This year, Italy will also be celebrating the 60th anniversary of the rome treaties that kicked off European integration
As Italy commemorates the day it became a republic, Umaru Kashaka talked to the Italian ambassador to Uganda, Domenico Fornara, on the importance of the day and other related issues. Below are excerpts from the interview
Q: Can you briefly tell us about the Festa della Repubblica, the Italian National Day?
The Italian National Day is an important moment for us. It is a day we come together for common values and celebrate our history. Today is the 71st Festa della Repubblica.
On June 2, 1946, all Italians were asked in a referendum to choose whether they wanted to remain a monarchy or to become a republic.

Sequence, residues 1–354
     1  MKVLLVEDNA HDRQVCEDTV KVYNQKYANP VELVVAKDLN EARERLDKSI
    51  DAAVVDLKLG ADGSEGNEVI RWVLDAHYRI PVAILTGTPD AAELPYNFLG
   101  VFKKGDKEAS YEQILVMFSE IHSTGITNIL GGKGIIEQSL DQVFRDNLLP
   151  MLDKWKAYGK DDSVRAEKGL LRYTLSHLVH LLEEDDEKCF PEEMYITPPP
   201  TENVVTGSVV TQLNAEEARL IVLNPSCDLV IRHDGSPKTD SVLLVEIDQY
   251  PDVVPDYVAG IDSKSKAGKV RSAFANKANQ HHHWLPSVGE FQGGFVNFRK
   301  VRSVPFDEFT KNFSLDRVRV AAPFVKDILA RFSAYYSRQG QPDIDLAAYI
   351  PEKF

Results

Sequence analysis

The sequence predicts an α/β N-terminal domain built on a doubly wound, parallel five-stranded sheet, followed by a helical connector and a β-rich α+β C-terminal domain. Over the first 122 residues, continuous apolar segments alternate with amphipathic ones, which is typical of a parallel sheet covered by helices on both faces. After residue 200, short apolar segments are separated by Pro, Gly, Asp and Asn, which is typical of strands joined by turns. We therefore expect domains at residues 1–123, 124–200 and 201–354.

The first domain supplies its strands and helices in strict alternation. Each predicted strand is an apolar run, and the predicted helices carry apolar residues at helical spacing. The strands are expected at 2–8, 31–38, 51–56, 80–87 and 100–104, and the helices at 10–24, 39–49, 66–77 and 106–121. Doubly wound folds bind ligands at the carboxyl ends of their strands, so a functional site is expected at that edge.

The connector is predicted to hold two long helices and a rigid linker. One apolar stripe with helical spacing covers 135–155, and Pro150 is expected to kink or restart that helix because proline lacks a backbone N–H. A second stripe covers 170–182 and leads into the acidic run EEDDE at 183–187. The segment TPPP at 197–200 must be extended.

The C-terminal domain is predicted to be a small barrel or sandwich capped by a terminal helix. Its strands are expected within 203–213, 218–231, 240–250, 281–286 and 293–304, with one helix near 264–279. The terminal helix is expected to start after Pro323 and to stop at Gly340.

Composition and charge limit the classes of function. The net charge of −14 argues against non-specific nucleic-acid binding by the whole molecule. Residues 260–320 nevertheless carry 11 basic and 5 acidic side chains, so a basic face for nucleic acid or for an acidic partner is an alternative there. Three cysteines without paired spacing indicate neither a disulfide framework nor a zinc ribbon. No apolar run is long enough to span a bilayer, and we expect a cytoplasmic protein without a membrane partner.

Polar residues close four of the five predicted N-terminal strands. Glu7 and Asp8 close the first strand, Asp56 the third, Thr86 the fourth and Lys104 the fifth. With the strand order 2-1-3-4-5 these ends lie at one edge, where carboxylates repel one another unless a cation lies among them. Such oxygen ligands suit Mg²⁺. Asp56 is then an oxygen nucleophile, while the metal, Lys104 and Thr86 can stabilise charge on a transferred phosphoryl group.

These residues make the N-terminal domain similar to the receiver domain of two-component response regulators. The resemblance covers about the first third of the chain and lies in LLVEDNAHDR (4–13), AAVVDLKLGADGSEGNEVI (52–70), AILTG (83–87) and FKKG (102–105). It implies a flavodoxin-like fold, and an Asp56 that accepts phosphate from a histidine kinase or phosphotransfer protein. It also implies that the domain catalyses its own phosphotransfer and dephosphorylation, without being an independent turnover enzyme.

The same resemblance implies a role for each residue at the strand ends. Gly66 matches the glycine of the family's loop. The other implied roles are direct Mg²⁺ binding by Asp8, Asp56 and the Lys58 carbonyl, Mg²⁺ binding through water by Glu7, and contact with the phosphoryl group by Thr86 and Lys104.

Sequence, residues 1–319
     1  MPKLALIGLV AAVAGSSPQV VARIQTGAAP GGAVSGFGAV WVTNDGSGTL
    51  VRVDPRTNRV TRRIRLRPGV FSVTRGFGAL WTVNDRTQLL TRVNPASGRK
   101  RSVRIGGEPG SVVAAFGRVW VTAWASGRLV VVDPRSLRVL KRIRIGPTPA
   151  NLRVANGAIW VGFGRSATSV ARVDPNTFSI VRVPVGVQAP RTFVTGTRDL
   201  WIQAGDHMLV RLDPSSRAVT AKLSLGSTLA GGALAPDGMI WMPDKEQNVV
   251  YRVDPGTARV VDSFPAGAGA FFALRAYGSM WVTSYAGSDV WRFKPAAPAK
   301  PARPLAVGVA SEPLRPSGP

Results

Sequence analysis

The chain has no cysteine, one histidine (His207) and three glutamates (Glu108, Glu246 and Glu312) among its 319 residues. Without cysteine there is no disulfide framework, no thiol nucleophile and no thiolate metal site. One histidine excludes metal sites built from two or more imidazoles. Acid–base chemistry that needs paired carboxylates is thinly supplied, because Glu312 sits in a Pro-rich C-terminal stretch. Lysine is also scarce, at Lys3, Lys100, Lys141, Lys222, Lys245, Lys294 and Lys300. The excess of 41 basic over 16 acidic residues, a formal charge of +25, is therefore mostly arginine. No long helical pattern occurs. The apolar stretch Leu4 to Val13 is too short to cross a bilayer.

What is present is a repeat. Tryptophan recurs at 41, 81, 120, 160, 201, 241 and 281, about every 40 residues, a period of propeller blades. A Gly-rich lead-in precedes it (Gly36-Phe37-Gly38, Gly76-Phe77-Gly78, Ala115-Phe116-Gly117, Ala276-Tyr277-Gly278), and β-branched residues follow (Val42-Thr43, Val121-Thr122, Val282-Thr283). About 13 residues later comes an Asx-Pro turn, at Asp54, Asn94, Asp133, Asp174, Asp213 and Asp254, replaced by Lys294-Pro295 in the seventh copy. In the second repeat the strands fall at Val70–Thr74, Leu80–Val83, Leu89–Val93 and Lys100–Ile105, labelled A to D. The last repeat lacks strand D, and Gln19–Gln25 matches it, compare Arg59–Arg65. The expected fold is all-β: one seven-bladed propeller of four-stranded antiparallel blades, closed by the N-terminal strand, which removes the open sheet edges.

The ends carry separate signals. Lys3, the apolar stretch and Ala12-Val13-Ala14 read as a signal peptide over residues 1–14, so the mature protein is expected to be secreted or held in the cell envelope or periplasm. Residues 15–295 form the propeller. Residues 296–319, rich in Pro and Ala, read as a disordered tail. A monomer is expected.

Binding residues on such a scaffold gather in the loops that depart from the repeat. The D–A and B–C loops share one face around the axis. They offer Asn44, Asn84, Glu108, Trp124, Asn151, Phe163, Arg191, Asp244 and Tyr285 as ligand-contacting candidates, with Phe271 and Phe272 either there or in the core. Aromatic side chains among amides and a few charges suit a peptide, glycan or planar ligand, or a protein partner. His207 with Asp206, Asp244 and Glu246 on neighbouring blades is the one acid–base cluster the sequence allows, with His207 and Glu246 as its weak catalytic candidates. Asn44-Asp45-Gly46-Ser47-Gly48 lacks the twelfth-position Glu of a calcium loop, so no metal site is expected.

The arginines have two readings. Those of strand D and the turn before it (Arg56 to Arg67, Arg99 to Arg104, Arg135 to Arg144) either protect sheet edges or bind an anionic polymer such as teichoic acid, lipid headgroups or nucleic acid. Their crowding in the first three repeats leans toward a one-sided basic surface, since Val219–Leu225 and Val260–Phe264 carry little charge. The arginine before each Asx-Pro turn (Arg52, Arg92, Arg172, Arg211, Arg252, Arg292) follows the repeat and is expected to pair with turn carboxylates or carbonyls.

They chose the latter. Of course, it is not the birth of our nation; Italy, itself, is much older.
It is the renaissance of Italy as a democratic republic. This is important because we had just come out of Fascism, from World War II and our economy was in ashes.
Our society was torn apart, but Italians managed to unite in a strong momentum to rebuild their country. It was a new start, which brought two extremely important achievements: Italy evolved from an agricultural economy to an industrialised one; we were among the founding members of the European Union (EU) and Italy became a forerunner in human and civil rights; we became a member of G7 (the group of seven highly industrialised nations). CLICK HERE FOR MORE ON THIS STORY